|W. J. Sidis
Boris Sidis Archives
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Mrs. FDR Talks To Miami Women
By ELEANOR ROOSEVELT
HYDE PARK, Wednesday—A few nights ago I read a pamphlet by Harold Taylor, president of Sarah Lawrence College, entitled, "Philosophy As Process." It is, I gather, a reprint of the speech he delivered at Teachers College last winter. One passage seems to me a very wise one to bring to the attention of any teachers. It reads:
"There are as many roads to the attainment of wisdom as there are people who undertake to walk them. There are as many solid truths as there are people who can search them out and stand on them firmly. There are as many ideas and ideals as there are men of good will, who will hold them in their minds and act them in their lives. There are as many philosophers as there are men who will give themselves up to the joy and rigor and continuous thought about man's existence."
Perhaps the most important study for us all today is the study of man himself. We know so little about him, what makes him do certain things as a mass group, and what motivates the individuals whom we know best around us.
I was talking the other day to Dr. Sarah Sidis, of Miami, the widow of a brilliant man and the mother of brilliant children. When I know more about it, I will tell you something of a plan she told me about. This plan is to materialize, I believe, at Miami University. A most interesting observation I got out of my conversation with her is the fact that she believes it is not only brilliant children like hers who can learn to acquire knowledge quickly. Intelligent parents can have intelligent children by learning how to teach them to reason. Parents should encourage them along the lines that are interesting to them and let them find out there is nothing in the world that does not hold interest for them.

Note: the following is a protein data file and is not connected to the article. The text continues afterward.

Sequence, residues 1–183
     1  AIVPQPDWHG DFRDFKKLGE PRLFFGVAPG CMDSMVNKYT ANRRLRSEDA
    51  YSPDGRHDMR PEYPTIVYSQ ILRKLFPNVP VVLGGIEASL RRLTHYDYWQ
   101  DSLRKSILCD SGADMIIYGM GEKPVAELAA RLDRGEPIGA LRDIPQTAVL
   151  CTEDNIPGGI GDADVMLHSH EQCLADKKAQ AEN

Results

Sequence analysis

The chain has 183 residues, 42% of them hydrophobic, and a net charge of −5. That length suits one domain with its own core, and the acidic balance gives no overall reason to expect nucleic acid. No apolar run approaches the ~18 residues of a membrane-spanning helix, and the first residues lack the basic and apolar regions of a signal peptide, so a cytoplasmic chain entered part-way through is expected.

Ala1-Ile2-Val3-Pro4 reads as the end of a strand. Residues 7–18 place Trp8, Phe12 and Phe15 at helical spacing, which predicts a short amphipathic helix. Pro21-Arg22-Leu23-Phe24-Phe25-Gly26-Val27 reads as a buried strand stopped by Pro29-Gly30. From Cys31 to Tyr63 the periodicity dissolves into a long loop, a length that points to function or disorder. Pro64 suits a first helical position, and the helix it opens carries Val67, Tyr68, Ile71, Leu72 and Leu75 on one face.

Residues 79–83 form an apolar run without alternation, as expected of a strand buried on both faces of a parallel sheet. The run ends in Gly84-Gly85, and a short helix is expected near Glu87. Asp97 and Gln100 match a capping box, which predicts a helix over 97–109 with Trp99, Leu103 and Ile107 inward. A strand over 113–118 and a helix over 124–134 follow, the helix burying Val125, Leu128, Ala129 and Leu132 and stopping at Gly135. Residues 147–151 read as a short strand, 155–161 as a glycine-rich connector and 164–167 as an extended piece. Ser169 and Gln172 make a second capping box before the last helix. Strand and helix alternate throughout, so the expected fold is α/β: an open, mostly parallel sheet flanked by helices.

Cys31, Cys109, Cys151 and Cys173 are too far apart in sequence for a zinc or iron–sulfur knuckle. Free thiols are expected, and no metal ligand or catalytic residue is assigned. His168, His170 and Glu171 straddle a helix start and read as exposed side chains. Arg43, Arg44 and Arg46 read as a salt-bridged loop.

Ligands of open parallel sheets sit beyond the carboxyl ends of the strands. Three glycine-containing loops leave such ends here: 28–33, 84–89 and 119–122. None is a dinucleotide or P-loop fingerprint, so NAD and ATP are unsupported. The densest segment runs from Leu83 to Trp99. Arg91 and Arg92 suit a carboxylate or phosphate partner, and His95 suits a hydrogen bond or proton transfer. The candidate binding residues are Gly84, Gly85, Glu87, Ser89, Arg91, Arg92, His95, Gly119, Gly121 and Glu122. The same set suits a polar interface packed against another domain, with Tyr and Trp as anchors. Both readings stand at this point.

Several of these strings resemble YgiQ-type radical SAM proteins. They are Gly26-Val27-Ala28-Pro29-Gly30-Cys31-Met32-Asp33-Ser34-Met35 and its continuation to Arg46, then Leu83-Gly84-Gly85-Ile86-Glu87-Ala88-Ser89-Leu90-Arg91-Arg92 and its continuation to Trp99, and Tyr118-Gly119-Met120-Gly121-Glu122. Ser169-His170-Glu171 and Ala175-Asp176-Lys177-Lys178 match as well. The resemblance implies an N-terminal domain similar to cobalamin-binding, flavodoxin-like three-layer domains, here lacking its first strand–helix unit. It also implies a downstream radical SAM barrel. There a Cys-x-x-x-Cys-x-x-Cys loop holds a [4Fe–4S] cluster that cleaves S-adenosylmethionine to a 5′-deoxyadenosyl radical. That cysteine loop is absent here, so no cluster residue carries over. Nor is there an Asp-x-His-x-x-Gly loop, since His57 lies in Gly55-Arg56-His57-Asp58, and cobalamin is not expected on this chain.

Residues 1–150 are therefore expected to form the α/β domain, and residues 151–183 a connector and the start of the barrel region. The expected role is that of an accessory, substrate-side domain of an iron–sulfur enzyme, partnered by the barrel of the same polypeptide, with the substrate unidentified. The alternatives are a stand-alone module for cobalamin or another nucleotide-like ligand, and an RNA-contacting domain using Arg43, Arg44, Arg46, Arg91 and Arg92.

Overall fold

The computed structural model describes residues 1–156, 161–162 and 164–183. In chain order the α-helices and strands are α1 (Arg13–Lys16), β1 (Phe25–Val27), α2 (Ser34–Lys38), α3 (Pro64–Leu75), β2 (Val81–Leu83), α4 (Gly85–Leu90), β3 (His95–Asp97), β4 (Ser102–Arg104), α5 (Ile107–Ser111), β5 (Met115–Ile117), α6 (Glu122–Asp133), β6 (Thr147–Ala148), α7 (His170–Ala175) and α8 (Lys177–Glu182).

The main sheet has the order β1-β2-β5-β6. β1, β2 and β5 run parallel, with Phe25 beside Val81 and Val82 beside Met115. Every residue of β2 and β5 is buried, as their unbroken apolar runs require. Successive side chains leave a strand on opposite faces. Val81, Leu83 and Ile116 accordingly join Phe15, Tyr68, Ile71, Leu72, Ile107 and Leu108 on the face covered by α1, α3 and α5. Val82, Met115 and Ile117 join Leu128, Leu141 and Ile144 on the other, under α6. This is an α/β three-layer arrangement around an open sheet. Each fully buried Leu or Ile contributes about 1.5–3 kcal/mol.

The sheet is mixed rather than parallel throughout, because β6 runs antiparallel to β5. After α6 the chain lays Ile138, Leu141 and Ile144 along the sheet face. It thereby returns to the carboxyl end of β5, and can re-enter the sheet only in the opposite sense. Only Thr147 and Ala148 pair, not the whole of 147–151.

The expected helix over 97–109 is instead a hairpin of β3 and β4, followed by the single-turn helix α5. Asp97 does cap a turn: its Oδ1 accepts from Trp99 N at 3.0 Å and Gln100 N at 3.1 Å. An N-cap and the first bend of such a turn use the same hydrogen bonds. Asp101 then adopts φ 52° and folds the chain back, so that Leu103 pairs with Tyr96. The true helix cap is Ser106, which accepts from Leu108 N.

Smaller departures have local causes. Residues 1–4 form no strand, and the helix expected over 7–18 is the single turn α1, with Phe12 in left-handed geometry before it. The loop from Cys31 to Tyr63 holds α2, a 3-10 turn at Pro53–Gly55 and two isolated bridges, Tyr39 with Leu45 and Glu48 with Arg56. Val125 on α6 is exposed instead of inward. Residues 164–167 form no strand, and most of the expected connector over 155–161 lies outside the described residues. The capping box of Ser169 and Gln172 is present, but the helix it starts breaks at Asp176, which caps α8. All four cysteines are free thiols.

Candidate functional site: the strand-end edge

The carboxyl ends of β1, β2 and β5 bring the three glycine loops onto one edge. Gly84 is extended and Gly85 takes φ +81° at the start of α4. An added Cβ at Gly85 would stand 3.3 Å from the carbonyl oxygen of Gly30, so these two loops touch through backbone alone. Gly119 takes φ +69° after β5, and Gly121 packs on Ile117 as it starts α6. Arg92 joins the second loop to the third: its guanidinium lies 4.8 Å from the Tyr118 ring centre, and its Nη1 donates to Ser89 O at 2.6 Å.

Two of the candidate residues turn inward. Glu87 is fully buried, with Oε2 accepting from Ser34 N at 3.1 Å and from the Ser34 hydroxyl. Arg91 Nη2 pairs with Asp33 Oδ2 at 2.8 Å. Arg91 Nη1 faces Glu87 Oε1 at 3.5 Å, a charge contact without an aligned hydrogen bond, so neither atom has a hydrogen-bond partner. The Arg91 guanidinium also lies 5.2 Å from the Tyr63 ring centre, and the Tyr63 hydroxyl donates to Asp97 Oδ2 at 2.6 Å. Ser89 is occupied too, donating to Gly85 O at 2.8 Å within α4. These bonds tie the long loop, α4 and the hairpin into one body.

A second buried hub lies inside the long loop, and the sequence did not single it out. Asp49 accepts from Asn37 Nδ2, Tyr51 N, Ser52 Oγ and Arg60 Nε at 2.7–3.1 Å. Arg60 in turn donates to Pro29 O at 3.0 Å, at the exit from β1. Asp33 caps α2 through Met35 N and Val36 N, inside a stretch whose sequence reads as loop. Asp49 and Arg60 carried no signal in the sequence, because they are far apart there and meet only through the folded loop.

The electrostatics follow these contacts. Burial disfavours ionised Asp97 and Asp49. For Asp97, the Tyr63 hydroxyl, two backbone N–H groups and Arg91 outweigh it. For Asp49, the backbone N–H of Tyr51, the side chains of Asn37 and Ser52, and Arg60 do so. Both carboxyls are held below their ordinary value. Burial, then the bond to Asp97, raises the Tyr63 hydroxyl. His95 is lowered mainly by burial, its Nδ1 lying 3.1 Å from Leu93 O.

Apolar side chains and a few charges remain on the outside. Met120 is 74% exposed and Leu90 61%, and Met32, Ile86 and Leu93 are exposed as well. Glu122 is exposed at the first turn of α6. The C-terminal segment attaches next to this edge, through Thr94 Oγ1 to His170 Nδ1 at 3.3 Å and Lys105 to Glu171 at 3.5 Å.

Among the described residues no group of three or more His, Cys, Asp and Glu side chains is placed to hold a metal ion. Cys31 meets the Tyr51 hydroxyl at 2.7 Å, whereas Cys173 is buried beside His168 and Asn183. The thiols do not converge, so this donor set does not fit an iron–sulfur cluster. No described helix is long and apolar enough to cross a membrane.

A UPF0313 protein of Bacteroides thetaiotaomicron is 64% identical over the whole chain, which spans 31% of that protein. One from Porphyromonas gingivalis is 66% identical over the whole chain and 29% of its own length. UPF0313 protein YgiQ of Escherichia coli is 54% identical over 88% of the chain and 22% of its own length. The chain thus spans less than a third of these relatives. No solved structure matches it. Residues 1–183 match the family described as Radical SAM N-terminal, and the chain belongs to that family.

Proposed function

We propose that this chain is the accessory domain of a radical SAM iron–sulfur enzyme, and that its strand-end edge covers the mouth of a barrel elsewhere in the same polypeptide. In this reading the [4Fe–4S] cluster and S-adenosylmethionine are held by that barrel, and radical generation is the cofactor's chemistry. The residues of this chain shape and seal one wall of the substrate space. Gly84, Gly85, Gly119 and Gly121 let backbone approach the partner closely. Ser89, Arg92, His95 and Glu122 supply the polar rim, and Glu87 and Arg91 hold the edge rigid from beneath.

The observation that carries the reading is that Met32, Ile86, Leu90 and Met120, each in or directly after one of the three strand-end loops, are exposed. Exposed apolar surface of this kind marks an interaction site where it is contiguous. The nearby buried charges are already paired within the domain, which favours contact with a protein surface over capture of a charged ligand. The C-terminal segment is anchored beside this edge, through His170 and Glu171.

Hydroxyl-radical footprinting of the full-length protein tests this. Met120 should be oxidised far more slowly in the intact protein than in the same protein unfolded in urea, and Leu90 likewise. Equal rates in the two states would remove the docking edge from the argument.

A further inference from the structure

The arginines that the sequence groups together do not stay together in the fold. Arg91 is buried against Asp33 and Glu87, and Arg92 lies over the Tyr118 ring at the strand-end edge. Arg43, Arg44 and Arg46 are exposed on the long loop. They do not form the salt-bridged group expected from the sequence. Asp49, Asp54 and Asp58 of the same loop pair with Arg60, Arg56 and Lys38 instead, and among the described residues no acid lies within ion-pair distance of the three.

I am afraid most of us, as parents, do not understand how to accomplish that extraordinary thing that Dr. Sidis was telling me about. But if we can learn it, it is certainly well worth trying. It might mean that a great many of our difficulties with children would be solved. It might also mean that we could come to understand and make life pleasanter for our children at a very much younger age.
In any case, I wish we could take more seriously the work of such men in our medical profession as are now prepared to work on mental health and try to use it not only in the individual field, but in the international field. I do not see how we can hope, through any panaceas, to attain peace. It can come only by slow and persistent work within the United Nations for better understanding on every level. For that reason we should be willing to get help from such men as are successfully studying the mental processes of man today.
See http://www.gwu.edu/~erpapers/myday/browsebyyear.cfm for an online archive of "My Day" columns.
DR. SARAH SIDIS BELIEVES
FEAR HANDICAPS CHILD IN LEARNING
Fear is a great handicap in the learning processes of a young child, and discipline or punishment creates subconscious fears that affect adult life.
This belief is the foundation of a theory of education held by Dr. Sarah Sidis of Miami, Fla., which conflicts at several important points with present educational methods in the schools.
Dr. Sidis, widow of Dr. Boris Sidis, an outstanding abnormal psychologist at Harvard some decades ago, talked about her theories yesterday while visiting with Mrs. Samuel Starr of 206 Waterman Street.